Message 62, “Essential Elements: Water, the Source of Life”, 6-19-11
© Doug Slagle, Pastor at the Gathering, UCC, All Rights Reserved

Service-Program, 06-19-11 (1)

If, as we have discussed over the past three weeks, the pathway to the human soul is through the air, and the soil at our feet is an amalgam of what we are made of, then water is the wellspring of our very existence.  Not only do we celebrate it as as a natural home, we can see it as the symbolic flow of our physical and mental being.   Both literally and figuratively, water is the fount of creation and the means by which we continually cleanse, recreate and purify ourselves.  Two weeks ago, we reflected on how air and meditation breathing put us in touch with our souls.  Last week, we saw how dirt and soil are tangible examples of what we are made of.  If we are the humble humus of earth, we should adopt similar attitudes of humility.  I hope today for us to see water as a symbolic  conduit through which we experience life.  Without it we would not be born.  Without it we would not be able to grow and change into new and better people.  As an essential element for life, water is equally important for our spiritual well-being.  In it, through it and from it we find solace, challenge and renewal.
Billions and billions of years ago, when the earth was still in its infancy, when volcanic activity was common around the globe, when the oceans were a primordial soup, when the atmosphere was still a toxic mix of ammonia and other gases, something amazing took place.  On this inhospitable ancient earth, many scientists believe that peptides and protocells – not actual living organisms – chemically developed the ability to synthesize oxygen from the sea.  Through the process of photosynthesis and energy from the sun, these protocells were then able to use nutrients expelled from underwater volcanoes to become the first one celled forms of actual life – beings capable of using energy to grow and reproduce.  Born from the depths of water evolved living creatures as we know them today.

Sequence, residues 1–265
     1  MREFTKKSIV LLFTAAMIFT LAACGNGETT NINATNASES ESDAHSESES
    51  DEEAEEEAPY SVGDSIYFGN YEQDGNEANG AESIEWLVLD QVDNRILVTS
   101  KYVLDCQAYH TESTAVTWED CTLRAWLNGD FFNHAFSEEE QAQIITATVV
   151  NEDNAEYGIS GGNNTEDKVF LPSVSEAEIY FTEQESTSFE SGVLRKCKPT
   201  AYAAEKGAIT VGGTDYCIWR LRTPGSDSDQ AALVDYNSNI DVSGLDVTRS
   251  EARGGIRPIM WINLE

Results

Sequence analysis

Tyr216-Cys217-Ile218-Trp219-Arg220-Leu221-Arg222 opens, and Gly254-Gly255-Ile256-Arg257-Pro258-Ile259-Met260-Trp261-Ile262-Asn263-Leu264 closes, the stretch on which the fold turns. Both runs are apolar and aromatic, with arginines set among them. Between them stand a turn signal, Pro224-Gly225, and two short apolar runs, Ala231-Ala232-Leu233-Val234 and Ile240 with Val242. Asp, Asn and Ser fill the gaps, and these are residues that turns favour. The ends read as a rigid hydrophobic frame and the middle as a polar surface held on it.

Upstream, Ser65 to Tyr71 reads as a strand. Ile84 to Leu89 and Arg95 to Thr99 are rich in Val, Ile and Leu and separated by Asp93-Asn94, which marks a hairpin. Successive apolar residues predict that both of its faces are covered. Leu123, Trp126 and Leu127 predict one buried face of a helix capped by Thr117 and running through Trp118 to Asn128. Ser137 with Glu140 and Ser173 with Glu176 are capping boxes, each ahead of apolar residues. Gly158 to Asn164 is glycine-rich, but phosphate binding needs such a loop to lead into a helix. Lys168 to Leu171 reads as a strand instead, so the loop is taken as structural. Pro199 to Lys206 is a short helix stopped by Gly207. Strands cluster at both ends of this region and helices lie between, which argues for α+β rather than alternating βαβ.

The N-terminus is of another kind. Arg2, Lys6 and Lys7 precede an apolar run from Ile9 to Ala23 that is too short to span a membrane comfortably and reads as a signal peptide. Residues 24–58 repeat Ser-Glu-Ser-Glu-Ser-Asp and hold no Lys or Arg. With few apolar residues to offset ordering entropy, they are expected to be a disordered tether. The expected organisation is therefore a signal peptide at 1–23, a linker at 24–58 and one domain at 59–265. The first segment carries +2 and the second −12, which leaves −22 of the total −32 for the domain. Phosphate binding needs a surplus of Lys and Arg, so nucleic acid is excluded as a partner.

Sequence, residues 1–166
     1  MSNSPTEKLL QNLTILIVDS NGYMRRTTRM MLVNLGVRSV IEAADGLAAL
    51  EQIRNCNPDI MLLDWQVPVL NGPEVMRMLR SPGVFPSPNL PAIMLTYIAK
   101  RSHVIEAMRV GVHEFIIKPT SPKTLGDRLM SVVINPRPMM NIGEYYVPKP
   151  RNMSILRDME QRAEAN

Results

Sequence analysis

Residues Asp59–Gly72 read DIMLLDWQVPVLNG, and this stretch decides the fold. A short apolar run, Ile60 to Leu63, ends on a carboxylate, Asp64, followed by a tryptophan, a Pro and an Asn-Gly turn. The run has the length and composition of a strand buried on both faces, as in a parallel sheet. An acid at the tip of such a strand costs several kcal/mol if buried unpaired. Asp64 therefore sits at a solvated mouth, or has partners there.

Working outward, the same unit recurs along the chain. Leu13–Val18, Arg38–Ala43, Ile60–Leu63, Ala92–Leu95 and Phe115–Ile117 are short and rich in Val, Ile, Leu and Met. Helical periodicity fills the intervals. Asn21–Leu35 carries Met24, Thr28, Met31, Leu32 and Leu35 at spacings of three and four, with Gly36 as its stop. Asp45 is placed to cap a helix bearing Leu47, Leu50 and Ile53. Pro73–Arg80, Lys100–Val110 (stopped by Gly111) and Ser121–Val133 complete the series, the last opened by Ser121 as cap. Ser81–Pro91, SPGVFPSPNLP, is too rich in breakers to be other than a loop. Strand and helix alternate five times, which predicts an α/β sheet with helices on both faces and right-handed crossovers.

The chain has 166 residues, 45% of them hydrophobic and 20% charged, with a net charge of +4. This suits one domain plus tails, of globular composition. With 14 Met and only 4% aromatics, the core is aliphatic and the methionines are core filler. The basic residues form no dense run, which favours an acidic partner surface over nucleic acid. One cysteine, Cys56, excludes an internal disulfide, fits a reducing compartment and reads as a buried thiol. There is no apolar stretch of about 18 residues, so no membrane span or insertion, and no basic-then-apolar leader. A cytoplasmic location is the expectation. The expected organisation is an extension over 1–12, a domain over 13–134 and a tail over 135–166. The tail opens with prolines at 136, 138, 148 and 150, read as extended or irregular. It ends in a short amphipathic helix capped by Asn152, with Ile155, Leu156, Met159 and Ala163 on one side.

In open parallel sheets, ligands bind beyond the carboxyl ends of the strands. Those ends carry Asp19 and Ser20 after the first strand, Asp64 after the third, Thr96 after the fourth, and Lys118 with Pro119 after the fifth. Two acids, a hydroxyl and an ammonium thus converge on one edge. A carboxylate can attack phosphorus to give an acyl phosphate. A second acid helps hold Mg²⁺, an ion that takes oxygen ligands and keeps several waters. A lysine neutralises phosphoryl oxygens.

In almost every religious description of creation, life emerged from a watery source.  God moved upon the face of the waters in order to begin creation, according to the Jewish and Christian Bible.  In the Q’uran, Allah set the throne of the Divine on the oceans and created all life from them.  The home of the gods is at the confluence of rivers, according to Hindus.  And, for Hopi Native-Americans, water was the original essence of the universe – air, land and life sprang from it.  Water is said by most world religions to be the Great Beginning.  Such spiritual descriptions of where creation first began are interestingly not far off what science tells us is likely true.  Water is the source of life.
This scientific and spiritual understanding of water as the creative womb of original life has also been true for the beginning of civilization.  Cultures and societies were first built around sources of water.  Ancient Egypt, Rome, Greece, Mesopotamia and Aztec nations flourished and grew because of proximity to it.  Indeed, the cradle of civilization – the location of where anthropologists believe the first complex society emerged – was located in the fertile crescent, the triangle of land between the Tigris and Euphrates river deltas in modern day Iraq.
Besides beings the source of creation and the necessary resource for the beginning of civilization, water is also the incubator for individual human and animal life.  We are formed and nurtured in watery fluid.  Our first human experience is to float, and even inhale, water within the womb.

Many of you know the Biblical story of Jonah – one in which water plays a vital symbolic role.  Jonah was asked by God to travel to the city of Ninevah to proclaim judgement upon its people for their disobedience to God.  He was to be the messenger of God’s verdict.  Not wanting to assume the risks that have befallen all prophets, Jonah fled from the task assigned him by God and jumped on board a ship departing from Israel.  When a terrible storm erupted around the ship and threatened it with sinking, the crew investigated who among them could have caused such Divine wrath.  They soon discovered Jonah’s disobedience to God and, not wanting to share his punishment, the crew threw him overboard.